Tom Ford Hates Yves Saint Laurent, and the Word Marriage
Tom Ford lets go in an interview with Kevin Sessums at The Advocate, discussing A Single Man, the first blowjob he ever gave, his partner Richard Buckley, his use of cosmetic fillers for the face, and his life in the fashion world.
"I don’t even remember much about my time at Yves Saint Laurent, though I do think some of my best collections were [there]—other than that black-and-white initial one. That one wasn’t very successful and wasn’t very good. But being at Yves Saint Laurent was such a negative experience for me even though the business boomed while I was there. Yves and his partner, Pierre Bergé, were so difficult and so evil and made my life such misery. I’d lived in France off and on and had always loved it. I went to college in France. It wasn’t until I started working in France that I began to dislike it. They would call the fiscal police, and they would show up at our offices. You are not able to work an employee more than 35 hours a week. They’re like Nazis, those police. They’d come marching in, and you had to let them in and they’d interview my secretary. And they can fine you and shut you down. Pierre was the one calling them. I’ve never talked about this on the record before, but it was an awful time for me. Pierre and Yves were just evil. So Yves Saint Laurent doesn’t exist for me."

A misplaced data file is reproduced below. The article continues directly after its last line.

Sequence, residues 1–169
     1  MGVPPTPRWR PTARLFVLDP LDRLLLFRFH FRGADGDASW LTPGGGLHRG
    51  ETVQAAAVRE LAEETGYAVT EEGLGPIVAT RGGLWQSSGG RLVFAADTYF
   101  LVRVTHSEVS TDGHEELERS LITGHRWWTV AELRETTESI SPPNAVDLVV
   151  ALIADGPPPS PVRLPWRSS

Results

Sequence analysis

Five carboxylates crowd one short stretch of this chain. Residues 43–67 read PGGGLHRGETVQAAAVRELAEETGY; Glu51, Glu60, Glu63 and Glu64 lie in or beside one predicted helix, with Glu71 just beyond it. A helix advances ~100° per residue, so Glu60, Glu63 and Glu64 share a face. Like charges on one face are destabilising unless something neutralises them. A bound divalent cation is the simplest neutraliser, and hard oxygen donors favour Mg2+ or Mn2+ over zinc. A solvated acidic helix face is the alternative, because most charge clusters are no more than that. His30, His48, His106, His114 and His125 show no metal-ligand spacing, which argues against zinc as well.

Ford also says he's in favor of civil partnerships and not marriage, for everyone.
"A few weeks ago Richard had to go into the hospital for something, and I had to carry around all these legal documents saying I could make medical decisions for him. It was insane. The fact that we are not married in the federal sense means that if I were to die, he’d have to pay all these taxes on my estate and receive but a fraction of it and he’d have to alter his life —whereas if we were married, he wouldn’t have to face that burden. That’s disgusting. It’s wrong. But that said, I think I am in favor of terming what I’m talking about as a civil partnership. We all get so caught up with this word marriage. For me, the word marriage is something that a religion should decide. Just give me all the same rights. A civil partnership is what I’d like for everyone—heterosexual as well as homosexual. Call it what you like—it’s the rights that are important. Getting hung up with the semantics derails the cause we’re all fighting for."